Correlation refers to the relationship between two variables. It refers to the degree of linear correlation between any two random variables. This relation can be expressed as a range of values expressed within the interval [-1, 1]. The value -1 indicates a perfect non-linear (negative) relationship, 1 is a perfect positive linear relationship and 0 is an intermediate between neither positive nor negative linear interdependency. However, a value of 0 doesn’t indicate the variables to be independent of each other completely. Correlation Matrices compute the linear relationship degree between a set of random variables, taking one pair at a time and performing for each set of pairs within the data.

**Properties of Correlation Matrices**

- All the diagonal elements of the correlation matrix must be 1 because the correlation of a variable with itself is always perfect, c
_{ii}=1. - It should be symmetric c
_{ij}=c_{ji}.

**Computing Correlation Matrix in R**

In R programming, a correlation matrix can be completed using the cor( ) function, which has the following syntax:

Syntax:cor (x, use = , method = )

Parameters:

x:It is a numeric matrix or a data frame.use:Deals with missing data.

all.obs:this parameter value assumes that the data frame has no missing values and throws an error in case of violation.complete.obs:listwise deletion.pairwise.complete.obs:pairwise deletion.

method:Deals with a type of relationship. Either Pearson, Spearman, or Kendall can be used for computation. The default method used is Pearson.

The correlation matrix can be computed in R after loading the data. The following code snippet indicates the usage of the** cor() **function:

## R

`# loading dataset from the speicified url ` `# storing the data into csv ` ` ` `header = ` `TRUE` `, fileEncoding = ` `"latin1"` `) ` ` ` `# printing the head of the data ` `print ` `(` `"Original Data"` `) ` `head` `(data) ` ` ` `# computing correlation matrix ` `cor_data = ` `cor` `(data) ` ` ` `print` `(` `"Correlation matrix"` `) ` `print` `(cor_data)` |

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**Output:**

[1] "Original Data" Year Mileage..thousands. Price 1 1998 27 9991 2 1997 17 9925 3 1998 28 10491 4 1998 5 10990 5 1997 38 9493 6 1997 36 9991 [1] "Correlation matrix" Year Mileage..thousands. Price Year 1.0000000 -0.7480982 0.9343679 Mileage..thousands. -0.7480982 1.0000000 -0.8113807 Price 0.9343679 -0.8113807 1.0000000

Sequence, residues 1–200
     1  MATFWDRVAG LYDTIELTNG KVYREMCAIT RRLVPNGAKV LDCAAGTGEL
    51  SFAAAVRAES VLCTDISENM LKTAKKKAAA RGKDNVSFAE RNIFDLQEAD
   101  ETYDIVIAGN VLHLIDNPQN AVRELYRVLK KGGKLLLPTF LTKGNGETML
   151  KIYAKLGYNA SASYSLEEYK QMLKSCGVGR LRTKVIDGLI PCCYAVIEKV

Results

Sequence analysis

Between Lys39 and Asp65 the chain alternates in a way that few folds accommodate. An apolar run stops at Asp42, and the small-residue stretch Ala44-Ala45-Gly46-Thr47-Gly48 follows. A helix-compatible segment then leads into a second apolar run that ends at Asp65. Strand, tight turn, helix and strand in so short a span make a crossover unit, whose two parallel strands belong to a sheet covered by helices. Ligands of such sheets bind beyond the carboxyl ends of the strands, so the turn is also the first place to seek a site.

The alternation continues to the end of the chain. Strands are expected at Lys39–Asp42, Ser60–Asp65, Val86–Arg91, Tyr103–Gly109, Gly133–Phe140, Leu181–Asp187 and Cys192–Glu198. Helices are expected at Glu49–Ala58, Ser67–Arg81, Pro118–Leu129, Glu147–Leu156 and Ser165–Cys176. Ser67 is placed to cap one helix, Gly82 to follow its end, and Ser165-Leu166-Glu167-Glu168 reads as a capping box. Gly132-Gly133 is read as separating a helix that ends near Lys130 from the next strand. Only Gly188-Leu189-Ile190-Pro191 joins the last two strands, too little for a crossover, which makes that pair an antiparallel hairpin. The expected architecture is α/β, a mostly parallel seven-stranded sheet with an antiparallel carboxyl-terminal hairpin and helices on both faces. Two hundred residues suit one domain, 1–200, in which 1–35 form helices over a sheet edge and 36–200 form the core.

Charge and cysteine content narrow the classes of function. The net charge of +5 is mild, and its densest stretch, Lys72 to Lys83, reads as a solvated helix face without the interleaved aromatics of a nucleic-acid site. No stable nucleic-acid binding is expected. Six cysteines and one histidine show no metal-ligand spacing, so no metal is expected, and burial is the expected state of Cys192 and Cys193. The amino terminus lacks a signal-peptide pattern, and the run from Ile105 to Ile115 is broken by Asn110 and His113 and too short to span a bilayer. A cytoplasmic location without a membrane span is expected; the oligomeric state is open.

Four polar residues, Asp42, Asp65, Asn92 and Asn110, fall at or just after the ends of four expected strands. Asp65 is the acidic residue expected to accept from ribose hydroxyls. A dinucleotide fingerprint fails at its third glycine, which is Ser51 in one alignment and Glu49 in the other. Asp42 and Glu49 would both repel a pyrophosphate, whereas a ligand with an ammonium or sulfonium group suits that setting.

**Computing Correlation Coefficients**

R contains an in-built function** rcorr()** which generates the correlation coefficients and a table of p-values for all possible column pairs of a data frame. This function basically computes the significance levels for **Pearson and spearman correlations**.

Syntax:rcorr (x, type = c(“pearson”, “spearman”))

In order to run this function in R, we need to download and load the “**Hmisc**” package into the environment. This can be done in the following way:

install.packages(“Hmisc”)

library(“Hmisc”)

The following code snippet indicates the computation of correlation coefficients in R:

## R

` ` `header = ` `TRUE` `, fileEncoding = ` `"latin1"` `) ` ` ` `# printing the head of the data ` `print` `(` `"Original Data"` `) ` `head` `(data) ` ` ` `# installing the library of Hmisc ` `install.packages` `(` `"Hmisc"` `) ` `library` `(` `"Hmisc"` `) ` ` ` `# computing p values of the data loaded ` `p_values <- ` `rcorr` `(` `as.matrix` `(data)) ` `print` `(p_values)` |

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**Output:**

[1] "Original Data" Year Mileage..thousands. Price 1 1998 27 9991 2 1997 17 9925 3 1998 28 10491 4 1998 5 10990 5 1997 38 9493 6 1997 36 9991 Year Mileage..thousands. Price Year 1.00 -0.75 0.93 Mileage..thousands. -0.75 1.00 -0.81 Price 0.93 -0.81 1.00 n= 23 P Year Mileage..thousands. Price Year 0 0 Mileage..thousands. 0 0 Price 0 0

### Visualize a Correlation Matrix

To visualize a correlation matrix refer to these articles:

- Visualize correlation matrix using correlogram in R Programming
- Visualize Correlation Matrix using symnum function in R Programming